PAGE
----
Man with severe symptoms went to hospital but ended up being seen by a nurse only. Dies of brain infection six days later
I can’t help comparing this guy’s experience with mine recently. I had an apparent bacterial infection with gross symptoms but I went to a top Australian PRIVATE hospital where I was promptly seen by an infectious diseases specialist. I was immediately admitted and put on 6 hourly intravenous infusions of lincomycin — and was well again in 48 hours. And my hospitalization was fully paid for by my private health insurance. Similar treatment would have saved the life of the guy below. The Brits’ love of their NHS is a great folly
A man who was sent home from a walk-in clinic with only drops and ibuprofen to treat a chronic ear infection died from blood poisoning to the brain six days later.
Rikki Baker was sweating profusely, shielding his eyes from the daylight, vomiting and struggling to stay on his feet when his worried mother took him to hospital.
But the father-of-two was referred to a neighbouring walk-in centre where a nurse misdiagnosed an external ear infection and sent him home with ear drops and painkillers.
Mr Baker was actually suffering from an infection of the middle ear which spread and he died six days later of scepticaemia in the brain.
An inquest into Mr Baker’s death heard how his wife Alicia rang the on-call service Devon Doctors and NHS Direct several times in the days after he was seen at the centre – but was not advised to return to hospital.
The 31-year-old’s mother Jill told the hearing, in Exeter, Devon: ‘Rikki called me to say he was suffering from an earache. Over the next few days he had discharge pouring out of his ear and was in bed.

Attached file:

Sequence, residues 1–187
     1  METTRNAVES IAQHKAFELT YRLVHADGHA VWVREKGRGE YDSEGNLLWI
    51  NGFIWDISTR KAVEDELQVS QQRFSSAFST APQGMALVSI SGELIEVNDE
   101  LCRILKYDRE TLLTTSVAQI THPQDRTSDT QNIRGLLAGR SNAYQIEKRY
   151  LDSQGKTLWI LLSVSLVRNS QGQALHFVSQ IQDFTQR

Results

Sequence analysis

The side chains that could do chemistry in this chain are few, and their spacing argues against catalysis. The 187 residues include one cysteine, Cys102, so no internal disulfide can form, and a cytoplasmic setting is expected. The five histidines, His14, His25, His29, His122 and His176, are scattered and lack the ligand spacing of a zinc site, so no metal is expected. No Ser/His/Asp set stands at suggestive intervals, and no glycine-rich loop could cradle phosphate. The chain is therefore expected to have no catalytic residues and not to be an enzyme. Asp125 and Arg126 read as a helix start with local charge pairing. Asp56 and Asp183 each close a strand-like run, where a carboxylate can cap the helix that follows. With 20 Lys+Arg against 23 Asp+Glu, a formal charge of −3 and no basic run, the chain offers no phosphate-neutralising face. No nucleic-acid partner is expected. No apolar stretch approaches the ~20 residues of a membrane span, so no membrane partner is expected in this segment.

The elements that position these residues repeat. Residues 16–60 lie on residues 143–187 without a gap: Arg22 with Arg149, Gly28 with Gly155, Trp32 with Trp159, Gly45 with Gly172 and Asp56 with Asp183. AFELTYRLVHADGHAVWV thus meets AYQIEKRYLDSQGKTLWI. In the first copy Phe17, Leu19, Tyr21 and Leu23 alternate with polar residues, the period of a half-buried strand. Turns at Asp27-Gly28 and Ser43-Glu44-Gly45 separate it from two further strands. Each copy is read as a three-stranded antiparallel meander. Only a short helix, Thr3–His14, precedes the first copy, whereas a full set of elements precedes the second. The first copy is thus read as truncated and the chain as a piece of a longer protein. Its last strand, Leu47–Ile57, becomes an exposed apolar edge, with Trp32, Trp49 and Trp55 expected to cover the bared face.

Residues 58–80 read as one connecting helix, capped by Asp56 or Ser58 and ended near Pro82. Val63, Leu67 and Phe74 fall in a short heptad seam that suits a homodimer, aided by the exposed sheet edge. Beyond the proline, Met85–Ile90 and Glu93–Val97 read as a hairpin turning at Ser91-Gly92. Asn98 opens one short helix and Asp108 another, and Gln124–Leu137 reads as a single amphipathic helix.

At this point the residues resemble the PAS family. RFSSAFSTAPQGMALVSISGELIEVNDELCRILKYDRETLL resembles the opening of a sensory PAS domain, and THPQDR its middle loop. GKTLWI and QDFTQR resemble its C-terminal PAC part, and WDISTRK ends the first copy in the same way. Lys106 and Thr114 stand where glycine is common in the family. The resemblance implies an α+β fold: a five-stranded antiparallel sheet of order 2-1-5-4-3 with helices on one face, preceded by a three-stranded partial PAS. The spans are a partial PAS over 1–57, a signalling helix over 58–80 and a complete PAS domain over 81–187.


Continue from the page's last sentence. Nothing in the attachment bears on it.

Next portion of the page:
‘Alicia told me he had been sweating profusely, she had to go out so I stayed with him. I decided to take him to A&E, and he put on some jogging bottoms. ‘His t-shirt was wet through. I helped him down the stairs as he was having trouble walking.’
The inquest heard how Jill and partner Mike drove Rikki to the Accident and Emergency department at the Royal Devon and Exeter Hospital on July 24. They were directed to a neighbouring walk-in centre, where Rikki was repeatedly sick. A nurse prescribed ear drops and ibuprofen and Jill took him home to bed.
Jill added: ‘The following morning Alicia became concerned at his condition. We wanted to ring an ambulance but Rikki wouldn’t let us. He said he wanted to sleep. ‘He had been in bed for over a week and was barely eating. Later Alicia rang me and was hysterical, she said he was having some kind of seizure and we called an ambulance.’
Jill said the family had no idea they were being directed to a walk-in centre, assuming it was a hospital where a doctor would treat her son. She added: ‘If we hadn’t been to the walk-in centre and had seen a doctor I am sure the outcome would have been quite different. ‘If I had wanted to go to a walk-in centre I would have done.’
In a statement, Mr Baker’s wife Alicia told of her concern at the deterioration in his condition after leaving the walk-in centre.
He had not eaten in days, was delirious and was emitting a heavy discharge from his ear
Mrs Baker said her husband deteriorated rapidly until July 26 when she heard a loud crash from upstairs and found he had suffered a seizure and slumped against a wardrobe. He was rushed to hospital, where he died four days later after the infection had spread to his brain.